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Security While Traveling

Zack Dean, Projetech Intern
October 15, 2019

Most cyber-security experts agree that about 20% of travelers are subject to cyber crime while abroad. Any time you use your phone or laptop on a public network, you are subject to criminals accessing sensitive and confidential data from you or your organization. At Projetech, we keep the following in mind while we travel and suggest you do the same in order to protect your data.

Before traveling:

  • Ensure all software especially security patches and antivirus updates are applied and up to date before your travel date.
  • Consider utilizing temporary devices such as an inexpensive laptop and/or a prepaid cell phone.
  • Ensure any information/data is backed-up to a separate device and/or a cloud service in case your primarily device is compromised, lost, or damaged while traveling.
  • Remove any sensitive data you don’t plan on using while on your trip.
  • Enable (MFA) as an extra layer of security on anything that offers it.
  • Make sure you have some type of password, pass phase, or PIN lock set on all your devices if you haven’t already. If you want to be very diligent you can set new passwords or pass codes on sensitive accounts that you can use for the duration of your trip.
  • Enable full disk encryption on your device(s)such as Bit locker. That way if your device is compromised it is extremely difficult for criminals to steal information. Also ensure there’s no restrictions or laws regarding encryption if you’re traveling out of the Country, you may need to apply for a license or file for approval prior to arrival.
  • Take advantage of remote wipe software for both laptops and cell phones. If your devices are lost or stolen this will allow you to completely wipe the device of any sensitive information, it may have on it. Google and Apple both offer support for remote wipes on mobile devices.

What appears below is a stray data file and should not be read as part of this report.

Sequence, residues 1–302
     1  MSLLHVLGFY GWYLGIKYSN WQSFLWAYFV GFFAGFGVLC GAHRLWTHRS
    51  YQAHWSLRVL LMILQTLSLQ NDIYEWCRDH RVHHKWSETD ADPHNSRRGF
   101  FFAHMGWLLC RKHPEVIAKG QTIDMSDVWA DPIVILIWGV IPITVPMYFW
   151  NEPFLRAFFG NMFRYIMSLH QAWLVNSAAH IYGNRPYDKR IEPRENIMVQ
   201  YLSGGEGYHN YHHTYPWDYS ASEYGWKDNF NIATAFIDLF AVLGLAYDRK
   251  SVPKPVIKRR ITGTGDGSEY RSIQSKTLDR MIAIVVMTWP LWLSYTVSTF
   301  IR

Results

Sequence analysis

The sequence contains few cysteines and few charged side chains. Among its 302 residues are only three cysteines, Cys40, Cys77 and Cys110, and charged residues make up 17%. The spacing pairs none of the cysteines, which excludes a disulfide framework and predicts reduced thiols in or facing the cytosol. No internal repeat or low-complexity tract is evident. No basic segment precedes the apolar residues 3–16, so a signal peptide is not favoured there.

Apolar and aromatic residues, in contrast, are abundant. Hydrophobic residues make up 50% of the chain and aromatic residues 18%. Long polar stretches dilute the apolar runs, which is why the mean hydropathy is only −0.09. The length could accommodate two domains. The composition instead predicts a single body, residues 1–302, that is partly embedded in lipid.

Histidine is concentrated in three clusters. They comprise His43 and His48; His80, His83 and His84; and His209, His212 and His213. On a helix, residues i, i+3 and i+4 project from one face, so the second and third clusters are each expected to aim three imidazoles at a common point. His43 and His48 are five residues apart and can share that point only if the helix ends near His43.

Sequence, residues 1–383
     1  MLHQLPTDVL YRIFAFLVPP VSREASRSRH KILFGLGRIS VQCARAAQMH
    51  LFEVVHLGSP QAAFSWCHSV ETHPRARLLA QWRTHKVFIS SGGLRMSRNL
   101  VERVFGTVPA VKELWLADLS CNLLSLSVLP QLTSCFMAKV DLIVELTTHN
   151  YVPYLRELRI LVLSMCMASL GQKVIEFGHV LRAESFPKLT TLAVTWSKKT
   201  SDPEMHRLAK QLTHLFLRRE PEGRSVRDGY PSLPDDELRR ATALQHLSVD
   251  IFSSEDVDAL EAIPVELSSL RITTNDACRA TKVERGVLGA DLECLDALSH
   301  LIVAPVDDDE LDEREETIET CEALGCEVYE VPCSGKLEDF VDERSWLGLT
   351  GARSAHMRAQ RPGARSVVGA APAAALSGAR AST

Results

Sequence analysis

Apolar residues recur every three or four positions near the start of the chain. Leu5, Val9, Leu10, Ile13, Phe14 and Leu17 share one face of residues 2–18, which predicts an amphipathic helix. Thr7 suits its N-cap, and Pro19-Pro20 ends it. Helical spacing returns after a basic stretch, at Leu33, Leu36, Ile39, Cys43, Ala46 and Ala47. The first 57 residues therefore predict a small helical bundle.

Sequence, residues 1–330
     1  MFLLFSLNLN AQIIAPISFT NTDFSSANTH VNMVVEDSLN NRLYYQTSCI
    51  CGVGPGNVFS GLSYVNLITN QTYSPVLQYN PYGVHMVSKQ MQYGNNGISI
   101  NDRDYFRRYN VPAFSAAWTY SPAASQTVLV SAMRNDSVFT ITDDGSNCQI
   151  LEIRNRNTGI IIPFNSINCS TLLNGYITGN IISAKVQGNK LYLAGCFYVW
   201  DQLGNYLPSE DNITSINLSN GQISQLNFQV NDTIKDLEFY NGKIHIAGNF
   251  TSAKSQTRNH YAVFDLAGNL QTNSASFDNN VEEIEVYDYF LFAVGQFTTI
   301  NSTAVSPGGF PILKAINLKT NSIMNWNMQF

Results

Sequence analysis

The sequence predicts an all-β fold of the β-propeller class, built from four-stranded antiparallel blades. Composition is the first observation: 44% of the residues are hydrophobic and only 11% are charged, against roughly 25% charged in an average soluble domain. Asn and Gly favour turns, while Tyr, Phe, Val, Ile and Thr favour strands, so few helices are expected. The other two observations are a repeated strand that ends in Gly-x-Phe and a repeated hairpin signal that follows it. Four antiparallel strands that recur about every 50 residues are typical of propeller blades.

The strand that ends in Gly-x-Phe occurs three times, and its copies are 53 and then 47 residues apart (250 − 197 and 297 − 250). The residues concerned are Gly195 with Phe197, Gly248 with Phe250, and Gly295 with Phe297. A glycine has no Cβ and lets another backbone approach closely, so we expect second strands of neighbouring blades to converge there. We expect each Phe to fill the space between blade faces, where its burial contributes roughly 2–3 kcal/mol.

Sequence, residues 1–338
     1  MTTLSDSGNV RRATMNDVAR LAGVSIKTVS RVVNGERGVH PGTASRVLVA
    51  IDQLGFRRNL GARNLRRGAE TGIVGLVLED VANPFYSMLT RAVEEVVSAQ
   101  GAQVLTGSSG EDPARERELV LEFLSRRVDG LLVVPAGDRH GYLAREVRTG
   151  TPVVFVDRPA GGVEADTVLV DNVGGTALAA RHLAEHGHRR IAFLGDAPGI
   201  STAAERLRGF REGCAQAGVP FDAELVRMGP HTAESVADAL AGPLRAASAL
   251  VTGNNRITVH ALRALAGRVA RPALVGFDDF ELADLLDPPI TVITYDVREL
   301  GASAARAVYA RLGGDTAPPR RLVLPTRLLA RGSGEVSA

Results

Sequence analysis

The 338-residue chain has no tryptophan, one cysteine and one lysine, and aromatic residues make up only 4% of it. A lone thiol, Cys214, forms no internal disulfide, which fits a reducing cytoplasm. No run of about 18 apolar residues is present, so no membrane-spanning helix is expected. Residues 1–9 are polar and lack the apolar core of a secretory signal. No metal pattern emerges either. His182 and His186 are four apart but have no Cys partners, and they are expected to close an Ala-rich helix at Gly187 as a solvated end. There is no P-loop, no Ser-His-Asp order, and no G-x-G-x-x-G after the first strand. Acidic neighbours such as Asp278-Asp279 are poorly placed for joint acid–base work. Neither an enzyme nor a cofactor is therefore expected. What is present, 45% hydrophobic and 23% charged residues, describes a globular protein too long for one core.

During your trip:

  • Disable the ability for your devices to automatically connect to any available wireless networks or Bluetooth devices.This prevents automatically connecting to any possible rouge access points or devices.
  • When connecting to public Wi-Fi, if it’s protected with a login double check the network name and login procedures with the staff to ensure you are connecting to a legitimate network. If your connecting to an unsecured Wi-Fi network do not do any sensitive work while connected (Banking, confidential business work, etc.). If possible, use a network hotspot for any business or sensitive activities such as banking.
  • Limit travel information that you post on social media this could be travel dates, location, or why you’re traveling. This information could be valuable to criminals because they could use it against you or your company in a phishing campaign (i.e. A criminal may send a phishing email to your company while you’re traveling that looks like it’s from the traveler asking for a cash deposit because they lost their wallet while on the business trip.)
  • Never leave your device(s) unattended, take them with your everywhere you go.
  • Never insert unknown devices such as USB flash drives, SD cards, etc. into your personal device. A free flash drive may look appealing but could be housing malware.
  • Avoid using public charging stations. You can’t be sure where your device is really connecting to, the charging station could be a malicious computer that scrapes/collects the data off your phone.
  • When possible use your company’s or a 3rd party VPN (Virtual private network) to setup a secure connection.
  • Avoid entering your credentials into any public computers, ex. Internet cafes, hotels, airports, etc.

 When you return:

  • Change any and all passwords you may have used while abroad
  • Run antivirus scans on devices you traveled with
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Zack Dean, Projetech Intern
October 15, 2019

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